DISTRICT PROFILE

Dakshina Kannada (Mangaluru)

The district Dakshina Kannada is situated on the western coast of India, about half way between Bombay and Cape Comorin. From North to South, it is a long narrow strip of territory and from east to west it is a broken low plateau, which spreads from the Western Ghats to the Arabian Sea. The major part of its length lies along the seaboard. The area is intersected by many rivers and streams and presents a varied and most picturesque scenery.

              Dakshina Kannda (Erstwhile South Kanara) is the southern coastal district of Karnataka State with an area of 4866 sq. KM.  The district lies between 12 57' and 13 50  North Latitude and 74  and 75 50 East Longitude. It is about 177 kms, in length and 40 kms in breadth at its narrowest and about 80 kms at its widest part. It has a population of  18,97,730*.

 

            The district spreading from the Western Ghats towards the Arabian Sea to the west, is bounded by Udupi district in the North, Shimoga, Chickmagalur and Hassan districts in the East, Kasaragod taluk of Kerala state and Coorg districts in the south and Arabian Sea in the west.

            The district can be divided into 3 belts, the coastal strip, the middle belt and the Western ghat section. An interesting feature of the coastal strip and the middle belt is that, it is not a plain but a series of estuarine low lands separated by numerous hill ranges projecting the Western Ghats. The coastal tract is the most thickly populate part of the district, as it is fertile and trading facilities. The middle belt consists of hills and dales and forms into an undulating terrain. The valleys are fertile and boast of several gardens of arecanut and coconut, and paddy fields, which are the main crops of the district. The Western Ghats form the eastern boundary of the district consisting of evergreen forests with patches of paddy fields and arecanut gardens scattered here and there surrounded by forests.

            The climate of the district shares the wider climatic pattern of the other West Coast districts of India. It is characterized by excessive humidity(78%) during the greater part of the year. There are four seasons viz., 1) Four wet months of June, July, August and September, when the district encounters strong winds, high humidity, heavy showers and a slight fall in temperature. 2) Two warm and damp months of October and November when south west monsoon is retreating. 3) Three cool months of December, January and February when generally dry conditions prevail and 4) Three hot months of March, April and May which is the period of rising temperature. Climate in the district is generally equable. However, it is colder in the interior than in the coast.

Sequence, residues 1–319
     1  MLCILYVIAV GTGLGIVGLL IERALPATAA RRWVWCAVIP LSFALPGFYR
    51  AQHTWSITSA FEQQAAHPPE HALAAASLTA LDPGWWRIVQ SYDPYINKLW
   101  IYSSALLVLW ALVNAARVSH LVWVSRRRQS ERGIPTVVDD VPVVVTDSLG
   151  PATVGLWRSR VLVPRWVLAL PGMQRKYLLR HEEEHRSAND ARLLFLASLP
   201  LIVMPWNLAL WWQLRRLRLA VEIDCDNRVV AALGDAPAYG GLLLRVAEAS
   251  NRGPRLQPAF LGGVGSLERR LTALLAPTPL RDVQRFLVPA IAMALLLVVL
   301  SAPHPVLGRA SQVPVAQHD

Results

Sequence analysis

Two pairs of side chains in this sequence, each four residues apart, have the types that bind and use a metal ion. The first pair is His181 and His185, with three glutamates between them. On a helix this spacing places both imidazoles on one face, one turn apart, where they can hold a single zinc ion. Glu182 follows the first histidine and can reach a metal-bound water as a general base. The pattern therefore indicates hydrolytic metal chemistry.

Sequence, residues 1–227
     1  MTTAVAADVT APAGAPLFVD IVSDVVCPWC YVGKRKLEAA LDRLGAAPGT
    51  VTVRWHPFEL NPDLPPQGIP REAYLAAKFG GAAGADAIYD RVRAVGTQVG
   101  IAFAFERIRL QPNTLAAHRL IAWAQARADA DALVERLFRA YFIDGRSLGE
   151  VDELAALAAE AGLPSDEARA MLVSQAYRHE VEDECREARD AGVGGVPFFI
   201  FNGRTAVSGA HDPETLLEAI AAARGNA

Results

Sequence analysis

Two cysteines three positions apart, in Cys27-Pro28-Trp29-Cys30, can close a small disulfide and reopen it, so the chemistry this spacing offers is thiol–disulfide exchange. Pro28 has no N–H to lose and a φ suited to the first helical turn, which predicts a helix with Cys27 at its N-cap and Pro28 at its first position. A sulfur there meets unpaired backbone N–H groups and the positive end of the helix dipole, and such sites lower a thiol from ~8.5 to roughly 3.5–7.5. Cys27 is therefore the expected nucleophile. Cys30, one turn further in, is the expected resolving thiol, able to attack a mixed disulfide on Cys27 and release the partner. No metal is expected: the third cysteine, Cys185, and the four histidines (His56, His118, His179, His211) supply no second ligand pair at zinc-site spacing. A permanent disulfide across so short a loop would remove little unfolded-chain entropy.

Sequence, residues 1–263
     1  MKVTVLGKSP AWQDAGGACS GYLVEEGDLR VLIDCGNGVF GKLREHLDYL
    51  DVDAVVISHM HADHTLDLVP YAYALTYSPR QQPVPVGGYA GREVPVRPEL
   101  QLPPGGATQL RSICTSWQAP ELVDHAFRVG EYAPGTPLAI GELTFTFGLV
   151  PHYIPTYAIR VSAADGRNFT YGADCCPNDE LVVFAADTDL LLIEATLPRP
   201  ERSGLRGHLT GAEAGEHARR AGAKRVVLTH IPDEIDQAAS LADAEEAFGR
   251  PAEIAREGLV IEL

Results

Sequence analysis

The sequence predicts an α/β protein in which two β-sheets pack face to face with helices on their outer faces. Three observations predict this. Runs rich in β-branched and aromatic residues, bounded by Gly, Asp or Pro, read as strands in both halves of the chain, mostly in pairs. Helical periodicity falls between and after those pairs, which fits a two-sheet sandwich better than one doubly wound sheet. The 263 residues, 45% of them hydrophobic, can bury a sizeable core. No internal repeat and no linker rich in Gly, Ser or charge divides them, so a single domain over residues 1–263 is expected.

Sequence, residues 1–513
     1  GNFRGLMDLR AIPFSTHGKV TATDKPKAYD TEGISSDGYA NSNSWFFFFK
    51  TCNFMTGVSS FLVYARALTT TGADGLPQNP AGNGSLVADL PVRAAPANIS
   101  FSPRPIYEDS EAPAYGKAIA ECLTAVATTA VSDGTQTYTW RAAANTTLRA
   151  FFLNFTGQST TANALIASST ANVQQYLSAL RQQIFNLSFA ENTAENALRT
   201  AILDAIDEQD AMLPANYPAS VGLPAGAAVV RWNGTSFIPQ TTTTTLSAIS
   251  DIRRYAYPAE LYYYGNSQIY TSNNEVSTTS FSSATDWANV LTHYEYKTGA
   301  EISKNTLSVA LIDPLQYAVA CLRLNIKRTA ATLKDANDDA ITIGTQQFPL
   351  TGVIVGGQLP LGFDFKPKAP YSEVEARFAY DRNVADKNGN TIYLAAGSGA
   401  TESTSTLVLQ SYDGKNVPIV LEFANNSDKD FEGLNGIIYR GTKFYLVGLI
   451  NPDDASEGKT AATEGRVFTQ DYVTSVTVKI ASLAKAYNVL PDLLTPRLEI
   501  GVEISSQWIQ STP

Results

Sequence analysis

The important rivers of Dakshina Kannada District are  Suvarnanadi, Shambavi (Mulki), Gurpur River, Nethravathi, Pavanje,  Nandini  besides there there are many other  rivers with perennial flow of water and a number of streams, all running from east to west. 

            The district can be divided into two agro-climatic regions as coastal region and Malnad region. The coastal region consists of Mangaluru and the Malnad region consists of Belthangady, Puttur, Sullia and Buntwal taluks.

 

 

 


General Information

Total Geographical Area in Hectares 477149
Total Male Population 9,38,434
Total Female Population 9,59,296
Total Population 18,97,730
Total SC Male Population 65,818
Total SC Female Population 65,342
Total SC Population 1,31,160
Total ST Male Population 31,579
Total ST Female Population 31,357
Total ST Population 62,396
Sex Ratio 1022
No. of Households 3,62,216
Literacy Rate 83.4%

 Source:2001Census 

NATURAL RESOURCES OF THE DISTRICT : The District is gifted with  bountiful gifts of the nature viz., land, forest, water, livestock, flora and fauna.

Land Resources : The most important natural resources is land which is the base for agricultural production. The land surface is fixed while population grows and the land is subject to law of diminishing returns. Increase in population also leads to withdrawal of land for building houses and development of communications such as roads and railways, establishment of Industries etc.  Out of this fixed land surface, only certain portion is available for cultivation. 

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